Within his school's catchment area is the Pembury Estate, scene of some of the most violent disturbances during the summer riots. But Sir Michael said he was confident that none of his students was involved in the unrest. "God help them if they were," he added.
His school was exceptional, he said, because the staff had high expectations of pupils and that particularly included high expectations around behaviour.
"Without good behaviour, young and inexperienced teachers can become vulnerable and end up leaving the profession," he argued. "Without good behaviour, the 5 per cent of pupils who are badly behaved becomes 10 per cent the next year, and then 20 per cent the year after, and so on."
One recurring theme was parents. Kathy August, principal of Manchester Academy, warned that it could sometimes be a significant challenge to get through to parents, particularly those from parts of the city renowned for gang culture.
"I have had big, tattooed men at my parents' meetings who are selling whatever in Moss Side, but I tell them that although I may not agree with the way they make their money, we both want what is best for their child, and they usually see where we are coming from," she said.
However, it was strong leadership that came up time and again when the heads were asked what had the biggest impact on behaviour and discipline in schools.
According to Ros McMullen, principal of David Young Community Academy in Leeds, even with the best behaviour policies in place, good work can easily become undone with poor leadership. "You can lose it in two terms," Ms McMullen said. "What has taken a head five or six years can be lost in a matter of months - it's all about leadership.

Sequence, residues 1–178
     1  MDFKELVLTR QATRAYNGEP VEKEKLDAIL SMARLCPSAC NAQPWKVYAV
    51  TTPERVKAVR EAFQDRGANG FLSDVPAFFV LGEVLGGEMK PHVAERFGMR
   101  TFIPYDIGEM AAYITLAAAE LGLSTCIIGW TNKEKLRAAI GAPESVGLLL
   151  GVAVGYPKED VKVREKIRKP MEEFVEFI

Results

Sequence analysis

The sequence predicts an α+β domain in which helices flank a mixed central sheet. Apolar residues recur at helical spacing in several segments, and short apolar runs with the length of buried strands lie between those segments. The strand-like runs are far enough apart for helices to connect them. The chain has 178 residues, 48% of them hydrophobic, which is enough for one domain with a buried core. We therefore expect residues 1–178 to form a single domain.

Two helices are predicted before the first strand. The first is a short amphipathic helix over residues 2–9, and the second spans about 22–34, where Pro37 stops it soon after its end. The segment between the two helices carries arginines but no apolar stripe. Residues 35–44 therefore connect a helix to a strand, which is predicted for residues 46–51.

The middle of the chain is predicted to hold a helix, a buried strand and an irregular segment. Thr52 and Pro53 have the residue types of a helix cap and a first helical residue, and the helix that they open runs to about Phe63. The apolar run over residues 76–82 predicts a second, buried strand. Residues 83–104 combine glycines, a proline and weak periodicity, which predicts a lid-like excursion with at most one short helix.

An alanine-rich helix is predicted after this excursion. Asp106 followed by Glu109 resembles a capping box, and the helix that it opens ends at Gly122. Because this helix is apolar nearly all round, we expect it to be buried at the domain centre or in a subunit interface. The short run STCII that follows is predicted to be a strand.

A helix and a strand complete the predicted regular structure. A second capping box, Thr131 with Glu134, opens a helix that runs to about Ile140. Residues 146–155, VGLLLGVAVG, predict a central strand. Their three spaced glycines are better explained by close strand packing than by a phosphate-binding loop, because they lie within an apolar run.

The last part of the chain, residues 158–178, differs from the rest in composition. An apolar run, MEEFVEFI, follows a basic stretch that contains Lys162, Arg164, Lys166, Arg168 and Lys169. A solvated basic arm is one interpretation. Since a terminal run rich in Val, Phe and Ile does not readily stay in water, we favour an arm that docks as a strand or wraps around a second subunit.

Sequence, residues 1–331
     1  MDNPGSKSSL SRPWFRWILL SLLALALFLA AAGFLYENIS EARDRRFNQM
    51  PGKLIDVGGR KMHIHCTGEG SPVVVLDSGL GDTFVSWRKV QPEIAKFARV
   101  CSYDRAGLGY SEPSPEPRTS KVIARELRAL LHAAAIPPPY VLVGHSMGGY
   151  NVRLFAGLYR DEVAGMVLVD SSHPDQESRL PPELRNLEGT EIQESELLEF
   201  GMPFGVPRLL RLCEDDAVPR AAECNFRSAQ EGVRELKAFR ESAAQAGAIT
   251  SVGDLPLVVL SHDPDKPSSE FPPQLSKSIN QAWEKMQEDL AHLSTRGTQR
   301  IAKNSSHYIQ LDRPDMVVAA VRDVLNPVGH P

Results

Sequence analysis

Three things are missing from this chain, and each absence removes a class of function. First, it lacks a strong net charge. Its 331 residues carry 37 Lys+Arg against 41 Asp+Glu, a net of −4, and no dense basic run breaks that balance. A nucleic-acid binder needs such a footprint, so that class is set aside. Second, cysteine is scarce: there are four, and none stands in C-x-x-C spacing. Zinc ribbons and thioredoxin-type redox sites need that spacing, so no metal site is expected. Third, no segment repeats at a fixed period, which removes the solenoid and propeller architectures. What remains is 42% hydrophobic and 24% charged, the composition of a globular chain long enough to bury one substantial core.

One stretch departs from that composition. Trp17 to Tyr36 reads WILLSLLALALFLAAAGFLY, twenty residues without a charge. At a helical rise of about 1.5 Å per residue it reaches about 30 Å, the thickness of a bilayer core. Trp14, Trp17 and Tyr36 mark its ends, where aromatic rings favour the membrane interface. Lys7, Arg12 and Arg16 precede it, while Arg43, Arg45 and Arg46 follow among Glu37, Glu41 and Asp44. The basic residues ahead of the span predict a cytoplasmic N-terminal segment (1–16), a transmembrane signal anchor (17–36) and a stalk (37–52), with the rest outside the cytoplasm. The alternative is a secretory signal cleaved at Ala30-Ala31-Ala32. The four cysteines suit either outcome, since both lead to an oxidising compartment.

"The head who has worked hard to make the changes, who spent every break in the playground, could leave and the next head may easily think that behaviour isn't an issue and can sit in their office doing paperwork, then they lose it," she added.
What Mr Gove jotted down while he was listening to the superheads will only become clear in time, but headteachers should expect the new checklist to land in their inboxes in the not-too-distant future.
Mr Gove is clear, however, that whether they act on it is completely up to them.
Earlier this month, Michael Gove said the country was blighted by "lost souls" who had been failed by the education system.
Speaking at the Durand Academy in south London, the education secretary said an "education underclass" had developed and that it was growing by thousands of children every year.
"It is from that underclass that gangs draw their recruits, young offenders' institutions find their inmates and prisons replenish their cells," he said.
"These are young people who, whatever the material circumstances which surround them, grow up in the direst poverty, with a poverty of ambition, a poverty of discipline, a poverty of soul."
More than a fifth of the young people hauled before court following their involvement in the riots during the summer were of school age.QQ]More than 1,700 defendants have faced riot-related charges since the unrest which took place in early August.
21% of those convicted were aged between 10 and 17
31% were aged 18-20
90% of all of those convicted were male.